Serbia marks World No Tobacco Day 2018
Opening her statement with the words “Don’t break your heart”, WHO Representative in Serbia, Dr Zsofia Pusztai, addressed the media on 31 May 2018, on the occasion of World No Tobacco Day. She warned of the adverse effects of smoking and tobacco use and the related risks of cardiovascular diseases (CVDs), the world’s leading cause of death.
The event was organized at the Institute of Public Health of Serbia, with the joint participation of Dr Meho Mahmutovic, State Secretary at the Ministry of Health; Dr Verica Jovanovic, Director of the Institute of Public Health; Dr Branko Beleslin, Head of the National Association of Cardiologists; Dr Biljana Kilibarda, Head of the Office for Prevention of Tobacco Use at the Institute of Public Health; and Dr Zsofia Pusztai.
Highlighting the risks of heart disease and stroke attributable to tobacco smoking, Dr Pusztai also pointed to the harmful use of e-cigarettes and to the health consequences of exposure to second-hand smoke. She called on governments to contribute to the prevention of CVDs through changes of legislation and enforcement of the WHO recommended measures for tobacco control. These include tax increases on tobacco products, graphic warnings on cigarette packs, bans on tobacco advertising, smoking bans in public and at the workplace, and comprehensive cessation services to assist tobacco users to quit. Enforcement of all of these measures would reduce the risk of CVDs within a period of only 5 years.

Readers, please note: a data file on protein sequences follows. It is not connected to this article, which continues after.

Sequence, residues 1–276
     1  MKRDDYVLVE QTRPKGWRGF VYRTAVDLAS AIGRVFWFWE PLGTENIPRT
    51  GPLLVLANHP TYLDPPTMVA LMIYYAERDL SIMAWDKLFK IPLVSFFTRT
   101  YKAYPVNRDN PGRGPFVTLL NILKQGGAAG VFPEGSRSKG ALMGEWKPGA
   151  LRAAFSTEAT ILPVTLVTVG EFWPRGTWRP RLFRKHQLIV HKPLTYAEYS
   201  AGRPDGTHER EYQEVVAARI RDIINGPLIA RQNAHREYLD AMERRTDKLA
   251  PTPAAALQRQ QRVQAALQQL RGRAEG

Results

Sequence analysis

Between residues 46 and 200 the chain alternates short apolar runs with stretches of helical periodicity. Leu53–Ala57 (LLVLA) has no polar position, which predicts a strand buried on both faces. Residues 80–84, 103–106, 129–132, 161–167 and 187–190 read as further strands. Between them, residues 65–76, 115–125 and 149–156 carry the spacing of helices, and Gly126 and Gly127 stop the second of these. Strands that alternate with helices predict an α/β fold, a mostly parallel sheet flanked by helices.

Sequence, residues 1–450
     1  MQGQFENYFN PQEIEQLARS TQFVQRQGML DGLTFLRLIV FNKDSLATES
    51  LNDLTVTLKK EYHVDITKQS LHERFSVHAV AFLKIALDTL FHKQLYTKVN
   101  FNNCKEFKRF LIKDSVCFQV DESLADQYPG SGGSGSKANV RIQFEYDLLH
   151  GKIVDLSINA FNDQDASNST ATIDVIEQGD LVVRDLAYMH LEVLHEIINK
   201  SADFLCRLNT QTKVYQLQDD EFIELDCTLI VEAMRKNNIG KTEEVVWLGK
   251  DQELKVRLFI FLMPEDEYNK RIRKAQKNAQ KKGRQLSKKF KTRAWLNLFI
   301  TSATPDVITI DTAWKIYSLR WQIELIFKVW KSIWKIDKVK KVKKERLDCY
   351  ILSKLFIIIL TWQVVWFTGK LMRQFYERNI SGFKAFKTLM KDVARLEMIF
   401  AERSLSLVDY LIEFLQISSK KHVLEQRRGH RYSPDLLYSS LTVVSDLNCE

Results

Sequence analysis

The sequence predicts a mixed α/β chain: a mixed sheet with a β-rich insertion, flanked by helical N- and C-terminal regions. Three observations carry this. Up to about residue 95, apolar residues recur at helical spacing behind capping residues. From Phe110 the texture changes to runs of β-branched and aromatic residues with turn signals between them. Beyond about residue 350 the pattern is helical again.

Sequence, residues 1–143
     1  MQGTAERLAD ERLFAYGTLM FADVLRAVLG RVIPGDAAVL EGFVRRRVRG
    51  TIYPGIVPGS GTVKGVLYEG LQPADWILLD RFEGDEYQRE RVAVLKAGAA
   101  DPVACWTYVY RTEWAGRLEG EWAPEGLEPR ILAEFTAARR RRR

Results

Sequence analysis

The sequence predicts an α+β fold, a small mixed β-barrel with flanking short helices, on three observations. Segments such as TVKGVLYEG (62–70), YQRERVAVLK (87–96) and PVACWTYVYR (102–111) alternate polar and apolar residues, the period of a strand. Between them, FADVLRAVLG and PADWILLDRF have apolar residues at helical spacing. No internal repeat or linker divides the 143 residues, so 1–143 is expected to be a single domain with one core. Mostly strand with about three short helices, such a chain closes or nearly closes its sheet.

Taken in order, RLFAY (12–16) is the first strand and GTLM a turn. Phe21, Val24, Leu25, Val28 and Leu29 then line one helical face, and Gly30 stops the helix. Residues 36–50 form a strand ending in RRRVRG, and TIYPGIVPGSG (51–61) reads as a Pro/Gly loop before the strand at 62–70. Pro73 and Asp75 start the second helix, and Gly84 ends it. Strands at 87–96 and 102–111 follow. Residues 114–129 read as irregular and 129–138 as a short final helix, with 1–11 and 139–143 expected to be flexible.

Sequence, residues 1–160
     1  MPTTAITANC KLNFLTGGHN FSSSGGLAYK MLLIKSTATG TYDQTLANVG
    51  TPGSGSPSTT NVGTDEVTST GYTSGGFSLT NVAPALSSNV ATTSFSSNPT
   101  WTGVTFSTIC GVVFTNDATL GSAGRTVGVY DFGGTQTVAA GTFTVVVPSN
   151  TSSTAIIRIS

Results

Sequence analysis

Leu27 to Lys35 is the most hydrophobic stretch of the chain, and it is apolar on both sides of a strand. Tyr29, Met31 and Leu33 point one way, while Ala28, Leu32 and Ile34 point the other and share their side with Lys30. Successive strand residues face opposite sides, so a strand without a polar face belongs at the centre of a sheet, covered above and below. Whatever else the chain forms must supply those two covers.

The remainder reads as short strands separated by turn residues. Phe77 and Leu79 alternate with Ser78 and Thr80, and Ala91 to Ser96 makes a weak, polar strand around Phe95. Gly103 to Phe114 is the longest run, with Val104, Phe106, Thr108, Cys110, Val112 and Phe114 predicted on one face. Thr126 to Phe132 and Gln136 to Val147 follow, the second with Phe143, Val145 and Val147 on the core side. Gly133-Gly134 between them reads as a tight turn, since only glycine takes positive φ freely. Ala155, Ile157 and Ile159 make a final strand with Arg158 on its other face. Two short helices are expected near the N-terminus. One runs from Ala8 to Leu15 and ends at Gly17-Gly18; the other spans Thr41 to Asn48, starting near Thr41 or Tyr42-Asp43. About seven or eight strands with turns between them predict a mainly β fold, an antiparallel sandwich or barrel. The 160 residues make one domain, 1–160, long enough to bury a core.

According to the latest research conducted in Serbia in 2017, by the Office for Prevention of Tobacco Use, smoking prevalence has remained at the same level as in previous years. Compared to 2016, the number of smokers who have seriously considered quitting increased from 19% to 25%. Strong smoking habits prevent the majority of smokers (85%) from actually stopping, while 15% state that the social impact is the reason that prevents them from quitting, of whom most belong to the youngest age group (18–29 years).
Most Serbian citizens (84%) agree that smokers should be mindful of where they smoke so as not to endanger the health of other people.
A large percentage of the population of Serbia is exposed to tobacco smoke: 39% of employees in the workplace, 62% in their own household and 66% of those who visit restaurant facilities. Almost every other inhabitant is exposed to tobacco smoke regardless of the location. Based on the same research, Serbian citizens would, in a large percentage, support legislation that would protect children from exposure to tobacco smoke: 80% think smoking should be prohibited in the car in the presence of minors, 78% would support a ban on smoking in playgrounds and 53% in outdoor sports facilities.